I’ve also heard of the foundations involved being called “the pink mafia” for the tactics they use to get companies and organizations to partner with them in producing and promoting Cancer Pink products.

    Anytime you’re tempted to buy something that is Cancer Pink, donate the cost instead directly to a research institute. Then you know for sure the money went where you wanted it to go.

    • JWM
      October 12, 2012 at 4:10 PM

      Good advice here. Tomorrow I will be helping out with and riding in a bike ride that will be able to donate 100% of proceeds directly to cancer research at a university research facility here in my home town that is focusing on treatment resistent breast cancer. Now, if I could only convince my wife to stop smoking.

  3. Johnny Farnen
    October 12, 2012 at 1:26 PM

    Pink Ribbons. Yellow Ribbons. “Awareness”. All garbage in my mind. How does branding an abstract like awareness really help at all? It doesn’t. Why do people feel the urge to advertise they are aware? Whether it is Breast Cancer, AIDS, or Supporting the Troops, how does awareness help out the actual victims in the long run?

    I am aware of a peer reviewed paper stating bigfoot exists. A week later a nearly identical peer reviewed paper made identical statements that dark matter exists. (Both made the same claims about their subject in that the conclusions are that both exist even though there is little or no concrete evidence…) This makes me “aware” of the fact that people can be aware without proof.I didn’t even get a rubber band bracelet or magnetic car ribbon out of the deal… (It also logically leads me to believe that Bigfoot is made of Dark Matter…but that is an entirely different tongue in cheek topic…)

    I use my previous examples to tie into this conversation as with a bit of digging on the web, one finds that once again, people will pay to be told they believe in a cause only to be able to affirm to themselves what they already believe, even though they do nothing to actually support those beliefs/causes.

    (Forgive me, I have difficulty expressing my thoughts in text, I hope a few readers are able to understand my seemingly random statements above.)

    Anyway, do as I am trying to do right now and try to find documentation that allows comparison of “pink” profits compared to actual “pink” research donations.

    Here is a gem of interesting info. We click this link and see what appears to be a valid BC site that is actually just an cleverly disguised lobbyist group.(Notice one of the first things you see is “DONATE!”

    http://bcaction.org/our-take-on-breast-cancer/politics-of-breast-cancer/the-cancer-industry/#anchor4

    This next link goes to their most recent publicly available annual report(’09-’10), which is really just a long list of donors. The only “Dollars and cents” information shows they spent 971 thousand dollars that were used to lobby as follows:

    http://archive.bcaction.org/uploads/PDF/BCA%20annual%20report%202010.pdf

    • Monitored the implementation of
    ○SB 484, the California Safe Cosmetics Act.
    ○ SB 509 and AB 1879 which established
    California’s Green Chemistry Initiative.

    • Supported state and federal legislation that
    proposed capacity

    ○Banning bisphenol A (BPA) in food containers.
    ○ Overhauling the Toxic Substances Control Act
    of 1976.
    ○ Authorizing the California State Board of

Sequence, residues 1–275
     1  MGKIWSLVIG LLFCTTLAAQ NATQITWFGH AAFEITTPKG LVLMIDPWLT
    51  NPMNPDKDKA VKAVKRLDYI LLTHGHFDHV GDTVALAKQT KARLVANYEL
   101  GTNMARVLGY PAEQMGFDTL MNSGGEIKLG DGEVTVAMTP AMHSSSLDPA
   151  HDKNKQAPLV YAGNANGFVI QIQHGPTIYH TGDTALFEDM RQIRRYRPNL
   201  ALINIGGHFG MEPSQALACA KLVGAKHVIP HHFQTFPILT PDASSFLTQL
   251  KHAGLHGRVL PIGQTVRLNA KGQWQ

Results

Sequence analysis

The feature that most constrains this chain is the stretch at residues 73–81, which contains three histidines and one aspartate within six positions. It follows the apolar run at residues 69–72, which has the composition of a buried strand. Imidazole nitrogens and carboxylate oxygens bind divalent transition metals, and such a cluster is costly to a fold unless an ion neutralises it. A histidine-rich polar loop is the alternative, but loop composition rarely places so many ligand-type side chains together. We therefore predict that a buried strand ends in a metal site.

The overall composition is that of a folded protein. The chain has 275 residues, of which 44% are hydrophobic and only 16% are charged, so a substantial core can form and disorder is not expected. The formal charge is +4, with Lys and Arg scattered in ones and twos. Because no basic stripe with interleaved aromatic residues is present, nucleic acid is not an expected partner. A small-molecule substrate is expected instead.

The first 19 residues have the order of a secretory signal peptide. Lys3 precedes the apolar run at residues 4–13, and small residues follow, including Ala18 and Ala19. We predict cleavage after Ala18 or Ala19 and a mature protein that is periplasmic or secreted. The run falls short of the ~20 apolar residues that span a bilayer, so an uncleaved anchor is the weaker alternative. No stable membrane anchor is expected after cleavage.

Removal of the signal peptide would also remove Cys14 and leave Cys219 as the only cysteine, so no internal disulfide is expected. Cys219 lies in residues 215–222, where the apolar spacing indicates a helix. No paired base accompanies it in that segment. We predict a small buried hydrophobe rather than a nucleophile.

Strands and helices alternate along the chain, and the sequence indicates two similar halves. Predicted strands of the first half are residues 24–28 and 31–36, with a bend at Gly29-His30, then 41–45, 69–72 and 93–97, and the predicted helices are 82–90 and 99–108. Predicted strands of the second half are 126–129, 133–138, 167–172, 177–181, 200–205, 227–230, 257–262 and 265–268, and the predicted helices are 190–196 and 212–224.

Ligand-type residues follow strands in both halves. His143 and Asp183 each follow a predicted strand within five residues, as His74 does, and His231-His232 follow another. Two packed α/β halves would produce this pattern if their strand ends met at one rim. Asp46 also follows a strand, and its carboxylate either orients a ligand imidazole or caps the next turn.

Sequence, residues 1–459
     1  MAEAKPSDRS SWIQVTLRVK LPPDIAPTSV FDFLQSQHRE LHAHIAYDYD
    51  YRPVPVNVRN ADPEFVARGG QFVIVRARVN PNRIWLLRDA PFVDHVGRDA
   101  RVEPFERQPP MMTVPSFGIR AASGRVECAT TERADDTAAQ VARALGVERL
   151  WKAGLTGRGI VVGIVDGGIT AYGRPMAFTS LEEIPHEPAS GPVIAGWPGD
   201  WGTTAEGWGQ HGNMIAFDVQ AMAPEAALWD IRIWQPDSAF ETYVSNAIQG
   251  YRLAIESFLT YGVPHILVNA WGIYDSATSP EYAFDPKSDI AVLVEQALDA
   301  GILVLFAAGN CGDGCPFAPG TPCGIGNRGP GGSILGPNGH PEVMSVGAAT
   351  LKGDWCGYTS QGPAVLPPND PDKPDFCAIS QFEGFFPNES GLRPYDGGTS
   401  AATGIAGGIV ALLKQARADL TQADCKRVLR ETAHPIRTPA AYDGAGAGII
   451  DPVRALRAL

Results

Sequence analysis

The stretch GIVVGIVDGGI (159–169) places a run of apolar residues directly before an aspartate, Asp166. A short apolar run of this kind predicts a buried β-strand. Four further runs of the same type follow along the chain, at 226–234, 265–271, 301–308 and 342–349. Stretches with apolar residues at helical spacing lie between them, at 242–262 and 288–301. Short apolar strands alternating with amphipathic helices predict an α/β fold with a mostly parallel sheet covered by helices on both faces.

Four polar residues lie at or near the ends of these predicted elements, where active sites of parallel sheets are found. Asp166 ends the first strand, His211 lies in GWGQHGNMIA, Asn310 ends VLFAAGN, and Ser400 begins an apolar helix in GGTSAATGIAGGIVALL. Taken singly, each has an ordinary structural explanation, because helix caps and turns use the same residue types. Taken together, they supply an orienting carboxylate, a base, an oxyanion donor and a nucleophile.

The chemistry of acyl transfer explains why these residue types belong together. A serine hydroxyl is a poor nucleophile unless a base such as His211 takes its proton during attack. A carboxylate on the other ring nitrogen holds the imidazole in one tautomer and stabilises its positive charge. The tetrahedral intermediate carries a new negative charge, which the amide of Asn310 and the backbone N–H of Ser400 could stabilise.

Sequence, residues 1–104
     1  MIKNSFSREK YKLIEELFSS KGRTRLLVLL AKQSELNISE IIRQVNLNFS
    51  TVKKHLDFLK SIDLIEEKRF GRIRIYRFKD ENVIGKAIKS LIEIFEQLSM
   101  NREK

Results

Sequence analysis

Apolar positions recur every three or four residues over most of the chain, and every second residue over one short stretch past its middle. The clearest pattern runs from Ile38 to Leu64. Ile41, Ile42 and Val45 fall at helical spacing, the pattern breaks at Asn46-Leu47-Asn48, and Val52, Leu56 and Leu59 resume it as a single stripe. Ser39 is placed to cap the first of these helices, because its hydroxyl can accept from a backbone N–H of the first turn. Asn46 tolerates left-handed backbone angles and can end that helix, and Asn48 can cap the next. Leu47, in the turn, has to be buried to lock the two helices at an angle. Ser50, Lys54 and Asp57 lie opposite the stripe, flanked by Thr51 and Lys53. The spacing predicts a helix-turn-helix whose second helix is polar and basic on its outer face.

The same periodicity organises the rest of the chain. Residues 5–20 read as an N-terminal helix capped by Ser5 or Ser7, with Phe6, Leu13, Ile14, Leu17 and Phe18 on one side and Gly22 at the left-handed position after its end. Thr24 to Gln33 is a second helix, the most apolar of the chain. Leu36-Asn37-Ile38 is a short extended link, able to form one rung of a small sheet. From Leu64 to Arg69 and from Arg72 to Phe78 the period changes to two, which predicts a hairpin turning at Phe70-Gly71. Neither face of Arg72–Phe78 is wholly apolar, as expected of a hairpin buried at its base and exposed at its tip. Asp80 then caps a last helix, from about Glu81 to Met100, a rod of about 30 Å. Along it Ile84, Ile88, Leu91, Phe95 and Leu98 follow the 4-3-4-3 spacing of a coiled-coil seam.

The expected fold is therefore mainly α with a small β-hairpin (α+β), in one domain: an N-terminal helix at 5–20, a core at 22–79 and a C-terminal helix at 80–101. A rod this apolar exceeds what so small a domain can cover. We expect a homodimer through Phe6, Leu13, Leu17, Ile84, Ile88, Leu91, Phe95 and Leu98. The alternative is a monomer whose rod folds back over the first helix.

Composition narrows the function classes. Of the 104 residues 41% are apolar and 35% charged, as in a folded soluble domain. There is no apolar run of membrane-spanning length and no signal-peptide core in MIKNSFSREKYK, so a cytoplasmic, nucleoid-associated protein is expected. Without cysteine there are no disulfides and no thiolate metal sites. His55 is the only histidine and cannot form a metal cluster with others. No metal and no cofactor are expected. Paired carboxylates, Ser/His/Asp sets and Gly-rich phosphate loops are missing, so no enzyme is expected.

Barbering and Cosmetology to collect
    language, gender, and ethnicity data from
    those applying for licenses.
    • Opposed registration of methyl iodide as a soil
    fumigant in the state of California.

    Notice not a penny went to research, treatments, or actual help in any form for breast cancer victims. They have an Anti-pink program stance, yet they themselves do nothing to actually support research, treatment, or prevention.What do barbering licenses have to do with breast cancer!?!? Green Chemistry Initiative!?!? Seriously…Many of their focuses seem a bit of a stretch to link to specifically breast cancer…

    This is just one of many that deliberately utilizes misconception to support a political agenda which barely, if at all, does anything to support their claimed activities.

    My advice, instead of hopping on the pink bandwagon,is why not cut a check directly towards an actual patient’s treatment bills to show your “awareness” rather than throwing money away on kitschy knick-knacks that do little to actually help anyone but politicians and corporate profiteers?

    • October 12, 2012 at 2:18 PM

      Let’s try to be more direct with comments, please. Thanks.

    • October 12, 2012 at 4:01 PM

      I think that awareness campaigns can help and are vital when a disease is prevalent or contagious and yet not spoken of. I remember red ribbons and ‘Silence = Death’ being an important part of getting the word out about HIV statistics and education. Likewise with breast cancer there was time when nobody would talk about it for fear of being indelicate. But then there’s that tipping point when it just becomes gratuitous and exploitative.

      I think it would be more appropriate to move on to awareness campaigns for other taboo ailments. For instance, we need to get everyone more comfortable talking about and scheduling colonoscopies and prostate exams. I know three people who are experiencing painful symptoms related to defecation but they are just too embarrassed to talk to their doctors about it. I wish there was a campaign telling them that they’re not alone, the problem isn’t as unique or terrible as they think it is, doctors do NOT get grossed out by this stuff, and to just get over it and drop trou.

  4. Xenolan
    October 12, 2012 at 2:39 PM